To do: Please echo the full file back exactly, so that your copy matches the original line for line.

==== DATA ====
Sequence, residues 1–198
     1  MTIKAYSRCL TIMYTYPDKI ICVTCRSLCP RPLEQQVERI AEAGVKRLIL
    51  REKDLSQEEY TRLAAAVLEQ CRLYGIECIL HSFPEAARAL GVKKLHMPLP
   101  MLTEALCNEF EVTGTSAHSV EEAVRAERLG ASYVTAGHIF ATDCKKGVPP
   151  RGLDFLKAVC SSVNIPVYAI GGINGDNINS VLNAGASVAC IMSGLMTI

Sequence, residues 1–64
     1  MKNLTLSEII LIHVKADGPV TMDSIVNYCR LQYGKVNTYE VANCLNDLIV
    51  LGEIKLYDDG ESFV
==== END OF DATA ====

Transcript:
Sequence, residues 1–198
     1  MTIKAYSRCL TIMYTYPDKI ICVTCRSLCP RPLEQQVERI AEAGVKRLIL
    51  REKDLSQEEY TRLAAAVLEQ CRLYGIECIL HSFPEAARAL GVKKLHMPLP
   101  MLTEALCNEF EVTGTSAHSV EEAVRAERLG ASYVTAGHIF ATDCKKGVPP
   151  RGLDFLKAVC SSVNIPVYAI GGINGDNINS VLNAGASVAC IMSGLMTI

Sequence, residues 1–64
     1  MKNLTLSEII LIHVKADGPV TMDSIVNYCR LQYGKVNTYE VANCLNDLIV
    51  LGEIKLYDDG ESFV